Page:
Flying against the wind with this I know, but the second series of Fleabag leaves me rather cold…
“I think you’ve played with my guinea pig long enough”
I’m not sure why I’ve never succumbed to the Fleabag love that has swept the nation. Whether onstage or on screen, Phoebe Waller-Bridge’s magnus opus has never quite done it for me but what do I know – the return of the show, to a West End theatre no less, sold out quickly and the column inches about this second series of the TV show have been mounting up.
And ever the contrarian, this follow-up hasn’t really tickled my fancy either. The one thing that I think it did brilliantly was in its use of the fourth wall, particularly how Andrew Scott’s hot vicar was able to see through it for the loneliness avoidance technique it was and for pure storytelling, I thought it worked very well in terms of humanising a character who has always been rather arch. Continue reading “TV Review: Fleabag Series 2”
“You can’t put a price on avoiding deep vein thrombosis”
I sat down to watch the new episodes of Last Tango in Halifax on the iPlayer but only as it started, did I realise that I had somehow neglected to watch Series 3 when it aired a couple of years ago. So having tracked it down, I indulged in a good old binge of quality Sally Wainwright drama. I loved Series 1 and Series 2 but in the final analysis, found this third season to be a little disappointing by comparison.
Since we’re more than two years down the line now, I think I can safely discuss the main reason for this – the killing-off of Nina Sosanya’s Kate in an unexpected incident of Dead Lesbian Syndrome. It was a high value example of the trope as well, considering it happened on the day after her wedding to Sarah Lancashire’s Caroline and whilst she was heavily pregnant with the child they intended to raise together. Continue reading “TV Review: Last Tango In Halifax Series 3”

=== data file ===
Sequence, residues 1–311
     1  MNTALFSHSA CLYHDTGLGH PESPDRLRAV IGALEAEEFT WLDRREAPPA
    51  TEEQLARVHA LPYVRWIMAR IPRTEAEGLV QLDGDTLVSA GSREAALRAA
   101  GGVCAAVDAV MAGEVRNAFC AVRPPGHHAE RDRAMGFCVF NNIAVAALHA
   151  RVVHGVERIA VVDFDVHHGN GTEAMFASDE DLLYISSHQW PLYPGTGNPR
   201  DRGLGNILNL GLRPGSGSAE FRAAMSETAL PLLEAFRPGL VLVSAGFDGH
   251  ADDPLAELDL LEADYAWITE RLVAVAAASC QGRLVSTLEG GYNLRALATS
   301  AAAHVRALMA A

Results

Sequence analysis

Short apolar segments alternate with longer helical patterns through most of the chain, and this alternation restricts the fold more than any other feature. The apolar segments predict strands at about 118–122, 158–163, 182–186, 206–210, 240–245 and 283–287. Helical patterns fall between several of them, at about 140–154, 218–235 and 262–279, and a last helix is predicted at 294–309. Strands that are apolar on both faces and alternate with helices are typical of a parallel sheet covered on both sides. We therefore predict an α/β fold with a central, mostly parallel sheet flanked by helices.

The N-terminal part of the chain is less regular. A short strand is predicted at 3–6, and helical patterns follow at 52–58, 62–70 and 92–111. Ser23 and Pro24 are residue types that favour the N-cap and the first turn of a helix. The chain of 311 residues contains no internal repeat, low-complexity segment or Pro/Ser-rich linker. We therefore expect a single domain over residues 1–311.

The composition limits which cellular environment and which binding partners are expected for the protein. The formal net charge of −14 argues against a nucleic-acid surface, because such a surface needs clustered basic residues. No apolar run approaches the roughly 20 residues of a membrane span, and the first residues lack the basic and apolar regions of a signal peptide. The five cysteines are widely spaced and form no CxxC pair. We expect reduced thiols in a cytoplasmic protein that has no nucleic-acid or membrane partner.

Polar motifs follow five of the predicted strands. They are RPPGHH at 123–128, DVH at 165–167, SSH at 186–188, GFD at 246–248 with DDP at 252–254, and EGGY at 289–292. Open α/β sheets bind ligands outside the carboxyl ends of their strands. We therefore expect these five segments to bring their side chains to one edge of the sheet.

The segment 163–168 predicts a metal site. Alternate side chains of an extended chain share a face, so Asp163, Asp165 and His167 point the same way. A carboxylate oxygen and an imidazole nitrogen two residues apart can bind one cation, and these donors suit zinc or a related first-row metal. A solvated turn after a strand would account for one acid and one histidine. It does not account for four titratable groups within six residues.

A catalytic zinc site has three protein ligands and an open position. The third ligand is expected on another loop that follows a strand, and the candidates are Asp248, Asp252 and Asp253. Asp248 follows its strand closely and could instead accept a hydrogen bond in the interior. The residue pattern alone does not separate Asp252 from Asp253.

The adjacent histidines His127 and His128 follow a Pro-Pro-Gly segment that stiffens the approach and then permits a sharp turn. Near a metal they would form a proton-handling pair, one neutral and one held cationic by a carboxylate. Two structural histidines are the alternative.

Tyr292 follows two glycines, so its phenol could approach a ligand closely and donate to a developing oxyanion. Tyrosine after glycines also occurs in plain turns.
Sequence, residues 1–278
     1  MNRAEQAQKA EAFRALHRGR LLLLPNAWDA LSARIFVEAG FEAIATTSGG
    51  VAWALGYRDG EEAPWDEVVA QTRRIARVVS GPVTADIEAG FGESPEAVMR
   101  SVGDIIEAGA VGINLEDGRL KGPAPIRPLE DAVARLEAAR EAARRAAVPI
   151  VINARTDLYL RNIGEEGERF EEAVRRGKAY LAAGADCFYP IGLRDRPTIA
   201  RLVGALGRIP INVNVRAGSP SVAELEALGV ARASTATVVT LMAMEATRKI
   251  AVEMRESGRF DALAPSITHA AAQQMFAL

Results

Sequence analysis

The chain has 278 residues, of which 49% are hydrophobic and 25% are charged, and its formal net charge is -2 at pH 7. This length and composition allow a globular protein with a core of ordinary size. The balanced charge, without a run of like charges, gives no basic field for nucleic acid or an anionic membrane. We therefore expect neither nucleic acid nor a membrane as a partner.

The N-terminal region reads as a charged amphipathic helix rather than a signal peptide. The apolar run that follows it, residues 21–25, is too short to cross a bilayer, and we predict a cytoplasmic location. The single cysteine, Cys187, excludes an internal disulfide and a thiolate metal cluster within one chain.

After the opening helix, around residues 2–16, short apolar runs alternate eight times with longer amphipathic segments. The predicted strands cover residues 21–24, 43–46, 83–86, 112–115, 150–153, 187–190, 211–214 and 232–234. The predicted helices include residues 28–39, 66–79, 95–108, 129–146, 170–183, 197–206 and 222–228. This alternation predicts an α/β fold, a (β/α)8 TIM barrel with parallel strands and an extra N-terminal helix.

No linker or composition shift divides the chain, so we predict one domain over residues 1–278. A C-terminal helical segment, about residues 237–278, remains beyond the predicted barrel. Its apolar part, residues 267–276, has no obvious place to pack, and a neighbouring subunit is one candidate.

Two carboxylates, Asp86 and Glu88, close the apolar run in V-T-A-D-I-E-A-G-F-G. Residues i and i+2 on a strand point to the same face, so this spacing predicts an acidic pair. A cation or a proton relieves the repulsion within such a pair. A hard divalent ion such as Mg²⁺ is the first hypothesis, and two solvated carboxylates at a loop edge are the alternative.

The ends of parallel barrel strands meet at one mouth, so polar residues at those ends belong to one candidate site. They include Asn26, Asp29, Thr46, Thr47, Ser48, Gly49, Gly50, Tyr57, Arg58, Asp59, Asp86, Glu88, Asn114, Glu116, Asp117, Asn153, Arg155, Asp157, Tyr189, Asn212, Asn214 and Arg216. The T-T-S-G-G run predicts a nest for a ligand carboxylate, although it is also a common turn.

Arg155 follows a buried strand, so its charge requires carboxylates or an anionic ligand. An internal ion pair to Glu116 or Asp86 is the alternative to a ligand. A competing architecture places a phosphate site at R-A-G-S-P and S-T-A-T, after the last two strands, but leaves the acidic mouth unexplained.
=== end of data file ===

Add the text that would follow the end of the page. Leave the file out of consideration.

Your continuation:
“I have a normal boy with behavioural problems”
There’s no doubting that the fight against fanaticism is a vital one but what Marius von Mayenburg’s play Martyr picks up on is that there is very little consensus on how to deal with it effectively. And in using fundamentalist Christianity as his hook, he subverts much of how we see radicalism. So it’s an ideal choice for Ramin Gray and the Actors Touring Company to follow up their hit production of The Events with this run at the Unicorn prior to a short UK tour.
Born-again Christian Benjamin is becoming increasingly disruptive at school – unwilling to join in swimming lessons as they’re mixed-sex and decrying classmates’ homosexuality and promiscuity – leaving the adults in his life unsure what to do. His mother and teachers struggle to understand but one teacher, Miss White from his Biology class, opts to tackle him head on, unprepared for the consequences of such an approach. Continue reading “Review: Martyr, Unicorn Theatre”